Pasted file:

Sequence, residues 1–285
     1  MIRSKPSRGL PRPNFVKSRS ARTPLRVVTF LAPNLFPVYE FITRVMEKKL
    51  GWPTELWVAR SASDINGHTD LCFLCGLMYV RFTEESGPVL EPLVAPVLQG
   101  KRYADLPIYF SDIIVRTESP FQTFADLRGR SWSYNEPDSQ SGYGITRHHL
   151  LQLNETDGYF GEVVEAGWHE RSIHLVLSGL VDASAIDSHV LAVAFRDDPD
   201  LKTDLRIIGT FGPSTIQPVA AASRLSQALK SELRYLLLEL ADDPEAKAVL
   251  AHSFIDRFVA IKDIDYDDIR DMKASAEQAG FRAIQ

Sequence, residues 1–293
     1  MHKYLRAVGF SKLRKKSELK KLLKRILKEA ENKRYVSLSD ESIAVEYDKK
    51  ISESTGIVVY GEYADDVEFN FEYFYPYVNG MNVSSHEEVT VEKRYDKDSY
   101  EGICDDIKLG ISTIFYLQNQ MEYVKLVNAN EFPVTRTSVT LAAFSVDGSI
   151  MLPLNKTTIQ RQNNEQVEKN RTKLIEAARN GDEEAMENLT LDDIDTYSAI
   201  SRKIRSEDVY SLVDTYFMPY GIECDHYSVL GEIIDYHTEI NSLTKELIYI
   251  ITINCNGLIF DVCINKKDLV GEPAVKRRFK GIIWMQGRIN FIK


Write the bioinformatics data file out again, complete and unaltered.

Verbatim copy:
Sequence, residues 1–285
     1  MIRSKPSRGL PRPNFVKSRS ARTPLRVVTF LAPNLFPVYE FITRVMEKKL
    51  GWPTELWVAR SASDINGHTD LCFLCGLMYV RFTEESGPVL EPLVAPVLQG
   101  KRYADLPIYF SDIIVRTESP FQTFADLRGR SWSYNEPDSQ SGYGITRHHL
   151  LQLNETDGYF GEVVEAGWHE RSIHLVLSGL VDASAIDSHV LAVAFRDDPD
   201  LKTDLRIIGT FGPSTIQPVA AASRLSQALK SELRYLLLEL ADDPEAKAVL
   251  AHSFIDRFVA IKDIDYDDIR DMKASAEQAG FRAIQ

Sequence, residues 1–293
     1  MHKYLRAVGF SKLRKKSELK KLLKRILKEA ENKRYVSLSD ESIAVEYDKK
    51  ISESTGIVVY GEYADDVEFN FEYFYPYVNG MNVSSHEEVT VEKRYDKDSY
   101  EGICDDIKLG ISTIFYLQNQ MEYVKLVNAN EFPVTRTSVT LAAFSVDGSI
   151  MLPLNKTTIQ RQNNEQVEKN RTKLIEAARN GDEEAMENLT LDDIDTYSAI
   201  SRKIRSEDVY SLVDTYFMPY GIECDHYSVL GEIIDYHTEI NSLTKELIYI
   251  ITINCNGLIF DVCINKKDLV GEPAVKRRFK GIIWMQGRIN FIK